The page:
North Van students wrap up Coast Salish weaving project

When it comes to weaving, these kids love to loom.

Following a school-wide Coast Salish legacy weaving project, students at Cove Cliff Elementary got to admire the end result of their multi-month undertaking at an unveiling last month.

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The weaving project was intended to provide a hands-on lesson in First Nations culture while encouraging students to learn a new skill, explains Cove Cliff principal Katherine Kee.

“I think they learned a lot about the culture and the art. We have a ways to go, but I think it’s a great first step that allowed an entry point,” says Kee.

After learning about the great tradition of Coast Salish weaving through instruction from some well-regarded local First Nations practitioners of the craft, students were tasked with weaving together their own small wool squares that were then incorporated into a larger piece.

The finished project showcases a myriad of colours and designs which represent the individuality of the student working in concert with the techniques and traditions offered through Coast Salish weaving.

“We’re going to have four of those panels and they’re going to be raised up into the atrium of our school for the four cardinal directions – north, south, east, west – and everyone will be able to view it no matter which of the hallways they come down,” says Kee. “I think they were pretty excited to see their little piece added to such a big project, and it was something really meaningful for the school.”

Inspiration for the project was spurred following a demonstration of Coast Salish weaving by Squamish Nation weaver Spelexih (Angie Dawson) for Cove Cliff teachers last year. A number of teachers were then moved to incorporate weaving into the curriculum, according to Kee.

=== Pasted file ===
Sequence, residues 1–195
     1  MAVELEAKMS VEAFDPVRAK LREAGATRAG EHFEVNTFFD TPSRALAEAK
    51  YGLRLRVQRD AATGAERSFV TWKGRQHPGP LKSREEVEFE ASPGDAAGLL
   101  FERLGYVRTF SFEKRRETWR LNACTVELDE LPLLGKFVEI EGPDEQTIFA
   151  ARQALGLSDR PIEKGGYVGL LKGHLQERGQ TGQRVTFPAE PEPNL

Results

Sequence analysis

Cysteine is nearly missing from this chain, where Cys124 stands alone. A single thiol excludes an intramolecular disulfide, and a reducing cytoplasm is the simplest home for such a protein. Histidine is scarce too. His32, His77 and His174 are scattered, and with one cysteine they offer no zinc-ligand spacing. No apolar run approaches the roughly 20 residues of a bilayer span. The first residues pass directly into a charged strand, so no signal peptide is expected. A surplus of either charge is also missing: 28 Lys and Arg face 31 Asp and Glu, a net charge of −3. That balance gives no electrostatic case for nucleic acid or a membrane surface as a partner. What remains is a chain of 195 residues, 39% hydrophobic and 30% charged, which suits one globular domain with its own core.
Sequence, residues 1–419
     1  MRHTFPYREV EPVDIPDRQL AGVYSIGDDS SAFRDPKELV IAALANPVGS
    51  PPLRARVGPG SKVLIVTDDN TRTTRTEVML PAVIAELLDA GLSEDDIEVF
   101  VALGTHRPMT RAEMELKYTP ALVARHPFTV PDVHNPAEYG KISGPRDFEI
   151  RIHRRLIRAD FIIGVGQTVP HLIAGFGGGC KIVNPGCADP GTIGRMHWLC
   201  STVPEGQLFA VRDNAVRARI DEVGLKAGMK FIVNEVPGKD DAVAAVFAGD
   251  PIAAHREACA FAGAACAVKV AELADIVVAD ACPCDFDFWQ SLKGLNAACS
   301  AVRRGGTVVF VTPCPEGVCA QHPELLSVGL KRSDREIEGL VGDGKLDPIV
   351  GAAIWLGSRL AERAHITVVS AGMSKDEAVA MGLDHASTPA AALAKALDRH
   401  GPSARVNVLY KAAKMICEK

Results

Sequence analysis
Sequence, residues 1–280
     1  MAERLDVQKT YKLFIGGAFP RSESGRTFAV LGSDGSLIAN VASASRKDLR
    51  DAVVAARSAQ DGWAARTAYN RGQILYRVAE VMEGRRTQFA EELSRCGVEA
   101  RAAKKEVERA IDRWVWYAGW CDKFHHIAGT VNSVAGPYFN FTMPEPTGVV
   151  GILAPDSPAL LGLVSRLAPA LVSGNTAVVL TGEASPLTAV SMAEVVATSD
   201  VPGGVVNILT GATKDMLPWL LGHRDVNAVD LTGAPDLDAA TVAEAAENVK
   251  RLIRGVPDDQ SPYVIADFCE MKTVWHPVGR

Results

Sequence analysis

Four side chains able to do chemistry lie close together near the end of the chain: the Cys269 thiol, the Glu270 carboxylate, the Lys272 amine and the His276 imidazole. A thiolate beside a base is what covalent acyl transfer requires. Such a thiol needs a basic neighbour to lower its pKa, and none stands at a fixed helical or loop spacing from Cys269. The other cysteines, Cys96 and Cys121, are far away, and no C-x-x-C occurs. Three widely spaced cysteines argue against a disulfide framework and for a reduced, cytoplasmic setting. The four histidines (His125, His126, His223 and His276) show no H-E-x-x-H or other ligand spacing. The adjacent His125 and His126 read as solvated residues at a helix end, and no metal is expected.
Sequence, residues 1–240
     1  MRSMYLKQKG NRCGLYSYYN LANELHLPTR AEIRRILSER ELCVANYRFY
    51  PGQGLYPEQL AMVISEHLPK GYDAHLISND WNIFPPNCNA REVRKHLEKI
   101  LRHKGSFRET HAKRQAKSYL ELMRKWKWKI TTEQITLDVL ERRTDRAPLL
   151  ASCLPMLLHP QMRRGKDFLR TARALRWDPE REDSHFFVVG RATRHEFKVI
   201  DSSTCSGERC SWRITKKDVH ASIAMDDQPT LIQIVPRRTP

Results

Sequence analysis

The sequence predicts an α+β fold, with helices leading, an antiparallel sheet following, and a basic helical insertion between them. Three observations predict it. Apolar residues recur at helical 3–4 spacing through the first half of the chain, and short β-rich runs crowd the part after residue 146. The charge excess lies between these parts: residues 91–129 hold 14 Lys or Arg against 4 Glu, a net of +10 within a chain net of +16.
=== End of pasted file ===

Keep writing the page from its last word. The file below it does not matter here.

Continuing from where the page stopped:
Following the dedicated efforts of a number of teachers, Chepximiya Siyam’ Chief Janice George and Skwetsimeltxw Willard “Buddy” Joseph and Tsleil-Waututh weaver Kiki Whitebear were brought in to help students in grades 3/4 and 6/7, respectively, learn more about the practice, says Kee.

“The take-away was a real coming together as the community -- and all different levels, no matter what grade you were, what ability you had, you could create something pretty great and part of the bigger weaving project,” says Kee.

George, who along with her husband Buddy have together provided weaving education for thousands of youth and adults since the early 2000s, says they’re very grateful to able to provide this education at local schools.

“If there’s one thing that we’re proud of in our life is that we’ve been able to do that,” says George. “We’ve had great reactions from the kids when they’re learning.”

Kee notes that one of the special aspects of the project  was how students were able to transfer their newfound knowledge to other students as the project progressed.

“It was really neat because we had our young Grade 3 and 4s, who were the first people to learn, teaching all the way out to our 4s and 5s, and then down to kindergarten,” says Kee. “They just felt that Janice and Buddy were so knowledgeable and patient and just really shared their culture in an open way with the children.”

In the fall, the four large finished panels will be attached onto a piece of plywood and will be raised up to the ceiling, notes Kee. The children may wonder which individual square among the many is their own, though they’ll have the satisfaction of knowing they’ve been part of a project bigger than themselves, which will hopefully last for ages, says Kee.

“Sometimes it’s really hard to get a school to come together on one project -- there’s a lot of logistics and planning -- [but] everyone was open to it, which I thought was really great,” says Kee.

As for the 30 table looms the school ordered so the kids could learn about the art and tradition of weaving, Kee says they’ll help the school when it comes to future endeavours in Indigenous education.

“We’re keeping these looms; we’re hoping it continues next year,” says Kee.

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